I live in a mortal fear of needles, expressed to nobody but this journal (and hence, to the world) ever since I read the Dorothy Sayers mystery in which the murder weapon was the simple expedient of injecting the patient with an air bubble. I always think I will be bubbled into oblivion, which would not be so bad if we were talking about a Rapture of which Dr. Truett would approve while I was soaking in a tub of Mr. Bubble, but seems far less optimum if we are speaking of a bubble in the bloodstream. But I live a life of unexpressed imaginary fates,and kept my chin up.
The medicine she pumped into me had a nearly immediate euphoric effect, other than the nagging mild feeling that my skull plate was lifting, science fiction style, from around my head. Meanwhile, a television blared an advertisement for feminine products which had more information I did not need to process than the most shamelessly "too much information" LiveJournal post. I looked at the man across from me, who seemed, somehow, as if he were thawing out after being awakened from a deep-frozen state induced at a 1963 insurance executives' convention. The nurse and I exchanged pleasantries ("oh, you're a Razorback!", upon seeing my class ring), but otherwise I felt myself go quite literally comfortably numb.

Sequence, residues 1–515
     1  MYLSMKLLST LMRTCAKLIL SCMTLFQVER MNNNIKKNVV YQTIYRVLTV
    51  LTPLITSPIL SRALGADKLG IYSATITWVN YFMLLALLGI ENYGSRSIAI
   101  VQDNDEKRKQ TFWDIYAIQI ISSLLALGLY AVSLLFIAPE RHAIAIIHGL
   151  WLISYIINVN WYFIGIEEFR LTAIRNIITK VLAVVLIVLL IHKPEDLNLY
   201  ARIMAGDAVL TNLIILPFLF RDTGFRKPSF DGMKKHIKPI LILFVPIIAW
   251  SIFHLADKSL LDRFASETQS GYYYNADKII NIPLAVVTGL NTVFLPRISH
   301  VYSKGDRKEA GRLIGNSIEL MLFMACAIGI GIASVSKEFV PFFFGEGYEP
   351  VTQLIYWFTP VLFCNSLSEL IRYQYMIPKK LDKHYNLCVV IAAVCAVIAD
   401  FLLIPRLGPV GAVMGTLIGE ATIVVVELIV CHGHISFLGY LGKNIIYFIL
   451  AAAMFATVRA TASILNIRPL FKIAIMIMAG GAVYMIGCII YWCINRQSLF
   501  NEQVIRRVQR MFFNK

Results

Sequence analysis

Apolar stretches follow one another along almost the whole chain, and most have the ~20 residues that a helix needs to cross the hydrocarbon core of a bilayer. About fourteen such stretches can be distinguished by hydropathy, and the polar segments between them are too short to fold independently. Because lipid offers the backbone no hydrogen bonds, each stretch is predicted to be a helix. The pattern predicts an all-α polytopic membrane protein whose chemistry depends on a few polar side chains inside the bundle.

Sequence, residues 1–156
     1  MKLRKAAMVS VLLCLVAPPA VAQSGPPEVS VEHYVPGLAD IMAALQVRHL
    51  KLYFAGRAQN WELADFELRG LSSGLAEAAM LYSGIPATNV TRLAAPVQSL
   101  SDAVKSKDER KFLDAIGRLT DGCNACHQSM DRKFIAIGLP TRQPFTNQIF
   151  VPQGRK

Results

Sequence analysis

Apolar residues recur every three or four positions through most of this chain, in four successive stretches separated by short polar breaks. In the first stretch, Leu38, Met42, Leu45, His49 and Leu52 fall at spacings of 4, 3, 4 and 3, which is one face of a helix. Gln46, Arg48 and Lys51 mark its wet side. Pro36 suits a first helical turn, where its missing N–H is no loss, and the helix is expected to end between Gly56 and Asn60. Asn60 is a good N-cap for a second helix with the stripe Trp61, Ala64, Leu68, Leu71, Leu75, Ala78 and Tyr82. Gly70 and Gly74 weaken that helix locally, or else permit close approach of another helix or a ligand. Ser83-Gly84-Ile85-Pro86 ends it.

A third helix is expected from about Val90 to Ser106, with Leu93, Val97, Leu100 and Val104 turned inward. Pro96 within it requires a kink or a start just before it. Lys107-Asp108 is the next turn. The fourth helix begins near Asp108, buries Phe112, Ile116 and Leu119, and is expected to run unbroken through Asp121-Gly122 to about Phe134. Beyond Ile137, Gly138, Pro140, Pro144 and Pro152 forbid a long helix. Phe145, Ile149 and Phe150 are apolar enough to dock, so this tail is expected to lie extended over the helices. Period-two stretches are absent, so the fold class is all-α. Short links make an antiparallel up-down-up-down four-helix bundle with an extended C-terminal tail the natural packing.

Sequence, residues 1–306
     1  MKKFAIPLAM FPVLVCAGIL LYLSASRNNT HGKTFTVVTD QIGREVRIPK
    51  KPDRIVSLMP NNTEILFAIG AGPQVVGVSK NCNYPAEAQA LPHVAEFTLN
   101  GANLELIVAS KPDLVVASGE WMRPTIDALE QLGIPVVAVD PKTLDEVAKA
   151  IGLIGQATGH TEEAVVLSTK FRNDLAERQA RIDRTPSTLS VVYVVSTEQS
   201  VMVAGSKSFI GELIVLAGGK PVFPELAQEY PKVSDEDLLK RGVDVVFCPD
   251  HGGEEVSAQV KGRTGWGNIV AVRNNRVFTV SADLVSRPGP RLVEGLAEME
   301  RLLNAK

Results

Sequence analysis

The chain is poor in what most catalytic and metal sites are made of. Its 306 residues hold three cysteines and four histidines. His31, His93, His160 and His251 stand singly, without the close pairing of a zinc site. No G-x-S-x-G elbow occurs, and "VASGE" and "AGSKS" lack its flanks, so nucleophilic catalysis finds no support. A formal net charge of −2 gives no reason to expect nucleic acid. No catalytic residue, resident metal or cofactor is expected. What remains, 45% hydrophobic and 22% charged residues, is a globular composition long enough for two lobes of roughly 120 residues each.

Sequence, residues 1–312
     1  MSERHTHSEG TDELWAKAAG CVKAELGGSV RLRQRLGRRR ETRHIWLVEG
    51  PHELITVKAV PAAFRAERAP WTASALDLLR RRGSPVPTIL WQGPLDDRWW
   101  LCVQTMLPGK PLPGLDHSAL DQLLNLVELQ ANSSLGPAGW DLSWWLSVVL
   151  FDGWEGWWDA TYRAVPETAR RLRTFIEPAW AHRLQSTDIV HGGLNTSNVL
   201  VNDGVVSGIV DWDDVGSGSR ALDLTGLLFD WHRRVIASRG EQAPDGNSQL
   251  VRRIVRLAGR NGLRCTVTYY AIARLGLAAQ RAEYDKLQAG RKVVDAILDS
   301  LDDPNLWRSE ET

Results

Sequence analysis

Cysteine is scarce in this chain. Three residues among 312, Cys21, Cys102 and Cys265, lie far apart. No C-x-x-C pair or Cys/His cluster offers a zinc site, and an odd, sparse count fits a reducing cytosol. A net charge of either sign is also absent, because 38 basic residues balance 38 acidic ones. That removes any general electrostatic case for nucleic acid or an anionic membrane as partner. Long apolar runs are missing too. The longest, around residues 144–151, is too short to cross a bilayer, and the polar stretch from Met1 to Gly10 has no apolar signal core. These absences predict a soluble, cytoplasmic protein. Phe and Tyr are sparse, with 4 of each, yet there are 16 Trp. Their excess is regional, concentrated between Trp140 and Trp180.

Soon a nice woman named Leslie advised me that she was one of my nurses, and that she would take me to the procedure room. She gingerly walked my IV, with me attached, to a rolling thing, and had me lie on it, providing with a sheet upon which to lay. I watched people get wheeled by me as I wheeled by people. The sheer intrigue of hospitals and their ways always keep me fascinated. In another life, no doubt, I would have been Trixie Belden's imaginary boyfriend "RH". Parenthetically,I think that men and women with initial names like "JT" and "JJ" have a huge life's advantage over the rest of us.
We arrived at the procedure room. A second nurse, whose name escapes me, introduced himself. I spoke with my doctor, who is a bit younger than I am. I do not hold any old doctor/young doctor prejudices, or at least none that cause me to avoid either young or old, but he looked so darn cheery that I half wondered if this was all a hazing for fraternity rush. My doctor is a great guy, though. I reminded him of my tiny bit of past history which justifies these routine Brideshead Revisited moments, but he remembered already.
The nurse asked me if I was a doctor, because my signature features only an "R" and the first strokes of the "Jr". at the end of my formal name. We all made the appropriate jokes, and then they added the mild sedative to my IV drip. The procedure was a "conscious" procedure, and in the past, it's always been a kind of video show--not as gripping, say, as some Sci Fi Channel rerun of that Stephen King story in which gremlins chew up reality, but more gripping than most things on